Ernest Thompson Seton Lifecraft Philosophy #3

Observation and the Learning Model
Observation and the Learning Model

In this essay, I am taking a somewhat different tact, using by permission, the Learning Model of the Academy for the Love of Learning. This has been developed over many years and is explored through the Academy’s programs. I believe Seton would have understood this approach since observation and experience were key to his view of learning.

We can enter the Learning Model by referring to events from Seton’s life, and then follow up with questions that we can ask about our own. Learning Model components create the basis of all programs offered through the Academy. Even in its simplest form, it brings personal engagement to the learning process, invites creativity and insight, and the establishes the potential for deep learning. Four key elements of the model (below) are also inherent to the meaning of Seton’s Lifecraft.

The Academy’s founder, Aaron Stern, while he was developing the fundamentals of his organization’s approach to education, had no knowledge of Seton or his ideas on Lifecraft. It may be too much to claim convergence of the two sets of ideas, but there are parallels which I mentioned in the previous essay (Lifecraft #2).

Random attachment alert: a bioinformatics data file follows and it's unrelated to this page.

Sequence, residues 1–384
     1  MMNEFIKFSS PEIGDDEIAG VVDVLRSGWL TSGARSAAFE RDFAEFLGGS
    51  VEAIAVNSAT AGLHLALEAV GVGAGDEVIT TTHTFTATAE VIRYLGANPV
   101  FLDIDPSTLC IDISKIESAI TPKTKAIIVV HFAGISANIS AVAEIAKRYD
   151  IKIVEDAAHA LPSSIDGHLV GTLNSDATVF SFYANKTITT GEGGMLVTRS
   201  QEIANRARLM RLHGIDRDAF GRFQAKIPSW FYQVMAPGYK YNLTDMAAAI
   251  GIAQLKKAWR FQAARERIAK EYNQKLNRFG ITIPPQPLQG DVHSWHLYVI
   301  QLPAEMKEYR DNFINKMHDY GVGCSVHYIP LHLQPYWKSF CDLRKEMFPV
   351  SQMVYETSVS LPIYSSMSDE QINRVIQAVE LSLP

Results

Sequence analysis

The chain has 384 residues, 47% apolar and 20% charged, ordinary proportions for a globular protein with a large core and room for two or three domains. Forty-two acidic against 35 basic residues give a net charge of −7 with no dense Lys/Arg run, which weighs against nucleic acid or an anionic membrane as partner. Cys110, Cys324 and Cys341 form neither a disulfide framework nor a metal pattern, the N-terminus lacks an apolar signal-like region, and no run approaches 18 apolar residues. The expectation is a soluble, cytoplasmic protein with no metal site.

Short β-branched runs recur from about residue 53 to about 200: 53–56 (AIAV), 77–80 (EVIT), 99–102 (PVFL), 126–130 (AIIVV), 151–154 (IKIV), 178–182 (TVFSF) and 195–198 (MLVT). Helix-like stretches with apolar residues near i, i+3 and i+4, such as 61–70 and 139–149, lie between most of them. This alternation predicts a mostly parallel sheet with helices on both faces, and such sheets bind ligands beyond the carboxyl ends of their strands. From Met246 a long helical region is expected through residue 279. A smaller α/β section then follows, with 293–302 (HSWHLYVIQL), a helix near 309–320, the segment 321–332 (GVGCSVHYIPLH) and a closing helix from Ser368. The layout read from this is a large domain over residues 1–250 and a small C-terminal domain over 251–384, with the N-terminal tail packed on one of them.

When Aaron made an agreement with Dee Seton Barber (Seton’s daughter) to provide the Seton Legacy with an institutional home at the Academy, he saw that Seton’s life illustrated one of the Academy’s core principles: one can become the change that one wants to see in the world. To learn more, we invite you to visit the Academy’s web site (the link is above) as well as the campus at Seton Village to take part in its programs. (In the meantime, we are happy to hear your thoughts on all of this.)

While there is no direct connection between Seton’s Fourfold Path and the four aspects of the Academy’s Learning Model (the number of four being coincidence), you may wish to join me in consideration of the parallels. The Fourfold Path (or Lifecraft Way) summarized:

  1. Service of Love (a waking up of consciousness about oneself, and one’s place in a larger context.
  2. Spirit of Fortitude (courage arising from self-reflection and empathy)
  3. Body of Beauty (recognition of the sanctity of life and standing for the well-being of all life)
  4. Mind of Truth (accepting honesty, reverence, and reasonableness as core guiding values)

As an adjunct to this, I can add, that although Seton was a romantic (in reaction to the mass-war, mass-industrial age), at the same time he specifically rejected the irrational as a legitimate means of interpreting meaning in the world.